The U.N. refugee agency reports a record number of people from the Horn of Africa have made the perilous journey across the Gulf of Aden to Yemen this year. The UNHCR says tens of thousands of Somalis and Ethiopians, driven by desperation, traveled across the sea in rickety smugglers boats.
The U.N. refugee agency says more than 74,000 Africans risked their lives this year to escape desperate situations of civil war, political instability, poverty, famine and drought in the Horn of Africa.
UNHCR Spokesman, Andrej Mahecic, says this figure represents a staggering 50 percent increase over the number of people who arrived in Yemen in 2008.
"Refugees and migrants make the dangerous journey on smugglers' boats across the Gulf of Aden and the Red Sea under harrowing conditions. In some cases, they are beaten, raped, killed or just thrown overboard into the shark-infested waters," he said. "In addition, the overloaded and overcrowded rickety boats sometimes capsize, resulting in the drowning of many aboard. According to the latest UNHCR statistics, 309 people drowned or did not survive the trip this year alone. In 2008, some 590 people drowned."
The mixed migration route through the Gulf of Aden and the Red Sea is considered to be the busiest and the deadliest in the world.
The U.N. refugee agency says Somalis are no longer the majority of arrivals, unlike in previous years. It says 32,000 Somalis arrived in Yemen this year, whereas 42,000 Ethiopians reached the Yemeni shores. This is more than double last year's number.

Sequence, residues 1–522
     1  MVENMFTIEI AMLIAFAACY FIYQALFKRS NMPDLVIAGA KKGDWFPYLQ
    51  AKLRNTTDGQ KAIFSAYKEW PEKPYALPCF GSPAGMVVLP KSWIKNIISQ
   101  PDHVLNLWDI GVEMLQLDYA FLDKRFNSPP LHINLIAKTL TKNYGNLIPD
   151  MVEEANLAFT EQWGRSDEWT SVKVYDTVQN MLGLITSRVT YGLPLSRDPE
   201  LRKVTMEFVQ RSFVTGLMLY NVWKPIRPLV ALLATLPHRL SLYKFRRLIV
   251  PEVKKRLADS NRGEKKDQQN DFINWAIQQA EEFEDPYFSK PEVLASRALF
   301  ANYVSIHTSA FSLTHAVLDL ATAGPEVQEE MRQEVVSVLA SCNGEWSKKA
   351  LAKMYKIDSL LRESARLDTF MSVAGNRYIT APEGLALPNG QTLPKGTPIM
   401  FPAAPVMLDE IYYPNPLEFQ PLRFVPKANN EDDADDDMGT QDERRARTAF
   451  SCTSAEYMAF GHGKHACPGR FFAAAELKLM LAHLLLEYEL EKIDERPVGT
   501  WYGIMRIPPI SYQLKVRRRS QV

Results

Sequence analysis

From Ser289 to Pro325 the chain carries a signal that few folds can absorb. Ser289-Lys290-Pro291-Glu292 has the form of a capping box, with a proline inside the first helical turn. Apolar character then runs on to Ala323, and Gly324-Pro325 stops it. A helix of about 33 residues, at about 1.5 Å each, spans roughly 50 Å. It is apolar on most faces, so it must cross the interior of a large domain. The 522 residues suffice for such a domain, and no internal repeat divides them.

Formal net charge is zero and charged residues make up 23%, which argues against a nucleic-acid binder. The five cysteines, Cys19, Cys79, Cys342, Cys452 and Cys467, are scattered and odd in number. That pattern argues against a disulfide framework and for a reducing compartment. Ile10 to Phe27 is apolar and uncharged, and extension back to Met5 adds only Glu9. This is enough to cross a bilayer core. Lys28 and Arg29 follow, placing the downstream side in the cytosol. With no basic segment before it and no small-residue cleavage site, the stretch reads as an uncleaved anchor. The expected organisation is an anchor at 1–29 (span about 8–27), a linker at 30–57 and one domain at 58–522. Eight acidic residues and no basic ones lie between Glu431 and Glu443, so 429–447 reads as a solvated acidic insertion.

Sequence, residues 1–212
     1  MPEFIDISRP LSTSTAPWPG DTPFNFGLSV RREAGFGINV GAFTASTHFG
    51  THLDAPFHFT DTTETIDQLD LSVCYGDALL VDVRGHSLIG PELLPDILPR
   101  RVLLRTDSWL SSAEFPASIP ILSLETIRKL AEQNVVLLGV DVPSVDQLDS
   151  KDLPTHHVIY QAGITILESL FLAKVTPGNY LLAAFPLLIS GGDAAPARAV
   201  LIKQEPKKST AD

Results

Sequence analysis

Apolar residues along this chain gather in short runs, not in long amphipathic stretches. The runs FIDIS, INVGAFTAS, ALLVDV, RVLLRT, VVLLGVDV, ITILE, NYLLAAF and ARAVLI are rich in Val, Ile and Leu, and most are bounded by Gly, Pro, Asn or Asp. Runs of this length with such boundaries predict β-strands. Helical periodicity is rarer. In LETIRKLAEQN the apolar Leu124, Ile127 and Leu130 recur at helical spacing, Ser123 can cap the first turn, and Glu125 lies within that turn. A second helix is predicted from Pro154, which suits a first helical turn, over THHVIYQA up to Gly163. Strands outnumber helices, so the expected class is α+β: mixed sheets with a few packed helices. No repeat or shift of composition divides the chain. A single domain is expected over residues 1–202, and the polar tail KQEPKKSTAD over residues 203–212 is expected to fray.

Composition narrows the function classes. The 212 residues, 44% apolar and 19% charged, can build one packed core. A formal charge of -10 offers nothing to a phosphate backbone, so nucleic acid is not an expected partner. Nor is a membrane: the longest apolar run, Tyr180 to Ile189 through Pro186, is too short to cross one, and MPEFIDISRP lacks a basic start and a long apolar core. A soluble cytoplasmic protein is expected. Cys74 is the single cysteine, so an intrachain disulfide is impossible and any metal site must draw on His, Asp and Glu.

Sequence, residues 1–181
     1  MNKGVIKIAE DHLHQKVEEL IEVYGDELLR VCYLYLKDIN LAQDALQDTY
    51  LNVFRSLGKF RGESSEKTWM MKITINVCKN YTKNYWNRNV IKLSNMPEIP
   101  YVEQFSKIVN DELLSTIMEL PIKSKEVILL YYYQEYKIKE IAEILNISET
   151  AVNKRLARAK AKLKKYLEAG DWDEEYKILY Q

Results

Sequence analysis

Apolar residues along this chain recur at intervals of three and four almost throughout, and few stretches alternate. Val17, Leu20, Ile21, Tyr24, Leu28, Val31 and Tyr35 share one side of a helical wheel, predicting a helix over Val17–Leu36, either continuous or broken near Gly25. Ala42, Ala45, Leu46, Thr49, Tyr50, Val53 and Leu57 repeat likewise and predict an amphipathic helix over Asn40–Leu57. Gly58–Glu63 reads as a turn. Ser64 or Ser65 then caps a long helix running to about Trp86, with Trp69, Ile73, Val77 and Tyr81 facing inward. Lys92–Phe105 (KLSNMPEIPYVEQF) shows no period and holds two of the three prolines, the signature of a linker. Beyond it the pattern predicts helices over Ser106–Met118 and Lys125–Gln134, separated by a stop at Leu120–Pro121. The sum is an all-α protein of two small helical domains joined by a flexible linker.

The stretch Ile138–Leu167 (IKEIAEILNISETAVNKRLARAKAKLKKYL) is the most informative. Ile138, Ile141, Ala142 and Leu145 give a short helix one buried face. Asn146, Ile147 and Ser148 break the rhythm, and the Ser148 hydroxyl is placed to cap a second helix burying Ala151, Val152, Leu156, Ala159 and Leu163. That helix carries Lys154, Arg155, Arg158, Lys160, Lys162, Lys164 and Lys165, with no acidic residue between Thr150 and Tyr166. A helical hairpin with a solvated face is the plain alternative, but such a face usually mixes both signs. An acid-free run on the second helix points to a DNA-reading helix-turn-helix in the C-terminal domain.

Mahecic says virtually all the Somalis who make it to Yemen go to one of two strategically located reception centers where they receive protection and assistance. But, he adds, relatively few Ethiopians go there. Most head for the Persian Gulf states in search of jobs.
He notes all Somali nationals are automatically recognized as refugees by the Yemeni authorities. He says Yemen currently hosts some 150,000 Somali refugees.
"Other nationalities, including Ethiopians, wishing to apply for asylum are required to undergo the refugee status determination procedure conducted by UNHCR. Over the past year, the vast majority of Ethiopians did not approach the reception centers, as they had no intent to seek asylum," he said. "However, we believe that some of them may have avoided approaching the centers, fearing arrest and detention as those who do not apply for asylum and are found to be I the country illegally could end up in Yemeni detention and are ultimately deported."
Mahecic says the UNHCR has had only sporadic access to the Ethiopians detained for illegal entry in Yemen. He says the agency has repeatedly relayed its concerns to the authorities over the continued detention and deportation of Ethiopians.
He says the authorities have somewhat eased up on this position. Since early this month, he says the UNHCR has been allowed to interview Ethiopians in two detention centers and more such visits are planned.